By the end of a truly great musical day, I was a little “worse for wear” due to an old foot injury I had aggravated earlier that day. (Some of you may have noticed me gimping around the festival grounds.) So, by the time Blackberry Smoke was finished and the late-night acts were gearing up to perform, I was in need of a break. In my quest to be present for at least a few songs from every set that weekend, I decided to tough it out and stay for part of Jackson Taylor’s set.
I hadn’t seen Jackson Taylor and the Sinners perform in a few years, so I was a little interested to check them out again. His brand of country music is a little crasser than I typically listen to, but that is what sets Taylor apart from the other “outlaw” country acts. Jackson has a bit of shock-value in his lyrics and delivery. He has a long-standing career and I don’t expect his style to change because of people like myself. Joining Jackson on stage that night was Earl “Huggybear” Hinton on bass and Brandon Burke on drums. I caught his tunes, “Long Legs and Long Necks” and “Maria” before making my way back to camp to try to catch a little rest before the last performance of the night. On my walk, I could hear Jackson apologizing to the crowd for his scratchy voice; exclaiming he was ill and needed whiskey to help him sing. From camp, I couldn’t tell if it worked, but I could still hear him asking for several pulls of whiskey throughout his set. With songs like “Jack’s Drunk Again” and “Whiskey Drinking Song,” I’m not as surprised as someone who has never seen him perform before.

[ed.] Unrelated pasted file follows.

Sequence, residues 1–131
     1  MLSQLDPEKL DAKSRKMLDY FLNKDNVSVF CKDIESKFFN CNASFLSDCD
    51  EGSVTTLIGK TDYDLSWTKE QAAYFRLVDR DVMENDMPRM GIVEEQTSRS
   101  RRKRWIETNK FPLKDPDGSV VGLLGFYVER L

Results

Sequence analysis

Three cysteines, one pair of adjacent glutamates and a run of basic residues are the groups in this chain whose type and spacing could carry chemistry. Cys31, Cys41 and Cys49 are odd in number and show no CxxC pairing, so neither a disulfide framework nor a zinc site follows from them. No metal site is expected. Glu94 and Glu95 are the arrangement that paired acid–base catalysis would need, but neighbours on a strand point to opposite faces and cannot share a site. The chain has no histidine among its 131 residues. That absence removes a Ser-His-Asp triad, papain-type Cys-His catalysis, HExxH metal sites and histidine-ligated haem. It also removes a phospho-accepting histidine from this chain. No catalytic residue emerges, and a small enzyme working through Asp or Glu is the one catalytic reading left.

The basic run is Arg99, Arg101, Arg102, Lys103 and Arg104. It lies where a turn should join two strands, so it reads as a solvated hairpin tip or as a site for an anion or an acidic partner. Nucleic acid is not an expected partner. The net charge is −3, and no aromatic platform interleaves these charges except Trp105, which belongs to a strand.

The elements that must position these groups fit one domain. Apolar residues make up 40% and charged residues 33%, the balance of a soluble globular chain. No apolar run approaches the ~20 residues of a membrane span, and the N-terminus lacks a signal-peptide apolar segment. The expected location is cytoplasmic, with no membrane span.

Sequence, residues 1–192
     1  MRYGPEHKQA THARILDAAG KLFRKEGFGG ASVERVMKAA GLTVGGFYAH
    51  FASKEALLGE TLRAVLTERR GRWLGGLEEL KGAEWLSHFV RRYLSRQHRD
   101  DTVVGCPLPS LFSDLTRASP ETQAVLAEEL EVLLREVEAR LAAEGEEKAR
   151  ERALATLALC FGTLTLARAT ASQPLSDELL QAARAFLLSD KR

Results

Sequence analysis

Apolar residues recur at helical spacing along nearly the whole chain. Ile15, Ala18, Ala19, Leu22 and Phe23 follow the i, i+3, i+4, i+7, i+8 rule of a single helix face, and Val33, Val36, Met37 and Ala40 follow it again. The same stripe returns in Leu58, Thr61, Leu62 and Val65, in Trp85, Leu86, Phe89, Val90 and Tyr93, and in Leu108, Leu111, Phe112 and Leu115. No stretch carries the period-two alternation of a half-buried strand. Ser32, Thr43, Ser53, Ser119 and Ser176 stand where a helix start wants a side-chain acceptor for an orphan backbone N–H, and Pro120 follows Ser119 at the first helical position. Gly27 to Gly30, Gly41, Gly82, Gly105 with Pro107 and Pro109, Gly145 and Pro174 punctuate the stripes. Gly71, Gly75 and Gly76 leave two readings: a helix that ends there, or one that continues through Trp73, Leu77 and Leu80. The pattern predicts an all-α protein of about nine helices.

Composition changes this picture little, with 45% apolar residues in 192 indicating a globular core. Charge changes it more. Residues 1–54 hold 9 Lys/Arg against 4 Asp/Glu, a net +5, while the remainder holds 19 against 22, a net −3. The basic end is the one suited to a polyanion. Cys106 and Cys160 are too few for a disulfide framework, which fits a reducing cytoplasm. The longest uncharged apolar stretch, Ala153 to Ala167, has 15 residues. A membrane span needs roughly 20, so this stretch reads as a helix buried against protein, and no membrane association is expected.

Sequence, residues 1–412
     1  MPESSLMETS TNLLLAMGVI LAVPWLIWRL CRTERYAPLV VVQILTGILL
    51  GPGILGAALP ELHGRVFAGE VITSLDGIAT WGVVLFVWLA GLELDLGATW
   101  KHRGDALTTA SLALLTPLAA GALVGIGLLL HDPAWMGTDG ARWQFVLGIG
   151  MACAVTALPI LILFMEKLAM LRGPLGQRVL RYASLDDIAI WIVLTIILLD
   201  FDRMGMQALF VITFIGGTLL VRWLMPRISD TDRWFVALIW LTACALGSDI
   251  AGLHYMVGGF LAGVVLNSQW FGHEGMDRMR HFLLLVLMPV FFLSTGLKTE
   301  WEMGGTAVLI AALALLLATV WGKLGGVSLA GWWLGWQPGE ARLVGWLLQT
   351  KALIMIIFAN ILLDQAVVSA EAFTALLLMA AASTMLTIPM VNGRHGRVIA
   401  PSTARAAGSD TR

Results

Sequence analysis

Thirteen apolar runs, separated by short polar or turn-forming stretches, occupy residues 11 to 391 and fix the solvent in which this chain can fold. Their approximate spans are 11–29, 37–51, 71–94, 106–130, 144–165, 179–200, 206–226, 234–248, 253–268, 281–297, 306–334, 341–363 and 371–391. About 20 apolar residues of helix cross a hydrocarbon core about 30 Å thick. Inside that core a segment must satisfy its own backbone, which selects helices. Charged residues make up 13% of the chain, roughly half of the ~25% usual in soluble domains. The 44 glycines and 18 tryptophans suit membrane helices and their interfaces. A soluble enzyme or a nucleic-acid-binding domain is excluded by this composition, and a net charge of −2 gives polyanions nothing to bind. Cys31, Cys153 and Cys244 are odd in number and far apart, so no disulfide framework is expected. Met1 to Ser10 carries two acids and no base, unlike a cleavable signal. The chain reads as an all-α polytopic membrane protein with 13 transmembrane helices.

The final set of the Friday line up belonged to Florida singer-songwriter, Bryan James, who made his Tumbleweed debut on the late night stage of last year’s festival. Bryan formed a fine band of musicians to back him up again this year. This year’s band included, Al Enzian on resonator, Chad Vaughn on electric guitar, Duncan Butts on drums and Don Rowe on bass, while Mr. James, himself, played rhythm guitar. Bryan is a traditional style country music singer who treated us to several original songs and a few covers from the artists that influence his style. Originals, “Give a Damn” and “Maybe I Am” are a proclamation to caring less about what people think of you and living your best life as you see fit. “This New Way’s Getting Old” and “If It Ain’t Broke” speaks to the current state of mainstream country music. If you have attended Tumbleweed in the last three years, chances are you are tired of the pop country on the radio and have been seeking out the more traditional sounds that you’ll find being performed at this festival. I thought Bryan did a great job covering Sturgill Simpson’s ballad of frustration, “You Can Have the Crown” and Lynyrd Skynyrd’s Southern rock tale, “Ballad of Curtis Loew.”
The first full day of music was exhilarating and I knew I was going to have a big day on Saturday, so I didn’t waste any time getting back to camp to get to sleep while many of my friends kept the party going into the night…or should I say…early morning.